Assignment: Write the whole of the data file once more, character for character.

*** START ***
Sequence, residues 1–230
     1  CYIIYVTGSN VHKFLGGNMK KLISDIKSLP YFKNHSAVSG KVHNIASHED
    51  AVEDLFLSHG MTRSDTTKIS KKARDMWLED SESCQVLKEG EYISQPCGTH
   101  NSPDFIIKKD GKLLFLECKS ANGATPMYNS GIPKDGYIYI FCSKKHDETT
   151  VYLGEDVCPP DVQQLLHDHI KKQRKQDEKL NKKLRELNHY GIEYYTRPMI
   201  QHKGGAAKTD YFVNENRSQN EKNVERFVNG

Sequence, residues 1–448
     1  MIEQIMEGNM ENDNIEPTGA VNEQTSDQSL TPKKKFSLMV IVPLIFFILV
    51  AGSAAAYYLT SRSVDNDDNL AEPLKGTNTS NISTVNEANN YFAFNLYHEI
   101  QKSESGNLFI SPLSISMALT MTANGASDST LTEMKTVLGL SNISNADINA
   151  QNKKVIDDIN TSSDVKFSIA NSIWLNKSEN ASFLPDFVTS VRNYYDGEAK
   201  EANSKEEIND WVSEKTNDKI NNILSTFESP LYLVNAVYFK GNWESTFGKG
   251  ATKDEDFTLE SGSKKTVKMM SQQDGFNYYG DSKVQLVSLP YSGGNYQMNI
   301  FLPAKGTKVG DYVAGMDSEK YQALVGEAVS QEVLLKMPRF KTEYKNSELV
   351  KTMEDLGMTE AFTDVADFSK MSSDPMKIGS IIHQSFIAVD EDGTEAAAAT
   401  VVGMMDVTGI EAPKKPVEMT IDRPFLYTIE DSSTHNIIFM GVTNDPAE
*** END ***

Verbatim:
Sequence, residues 1–230
     1  CYIIYVTGSN VHKFLGGNMK KLISDIKSLP YFKNHSAVSG KVHNIASHED
    51  AVEDLFLSHG MTRSDTTKIS KKARDMWLED SESCQVLKEG EYISQPCGTH
   101  NSPDFIIKKD GKLLFLECKS ANGATPMYNS GIPKDGYIYI FCSKKHDETT
   151  VYLGEDVCPP DVQQLLHDHI KKQRKQDEKL NKKLRELNHY GIEYYTRPMI
   201  QHKGGAAKTD YFVNENRSQN EKNVERFVNG

Sequence, residues 1–448
     1  MIEQIMEGNM ENDNIEPTGA VNEQTSDQSL TPKKKFSLMV IVPLIFFILV
    51  AGSAAAYYLT SRSVDNDDNL AEPLKGTNTS NISTVNEANN YFAFNLYHEI
   101  QKSESGNLFI SPLSISMALT MTANGASDST LTEMKTVLGL SNISNADINA
   151  QNKKVIDDIN TSSDVKFSIA NSIWLNKSEN ASFLPDFVTS VRNYYDGEAK
   201  EANSKEEIND WVSEKTNDKI NNILSTFESP LYLVNAVYFK GNWESTFGKG
   251  ATKDEDFTLE SGSKKTVKMM SQQDGFNYYG DSKVQLVSLP YSGGNYQMNI
   301  FLPAKGTKVG DYVAGMDSEK YQALVGEAVS QEVLLKMPRF KTEYKNSELV
   351  KTMEDLGMTE AFTDVADFSK MSSDPMKIGS IIHQSFIAVD EDGTEAAAAT
   401  VVGMMDVTGI EAPKKPVEMT IDRPFLYTIE DSSTHNIIFM GVTNDPAE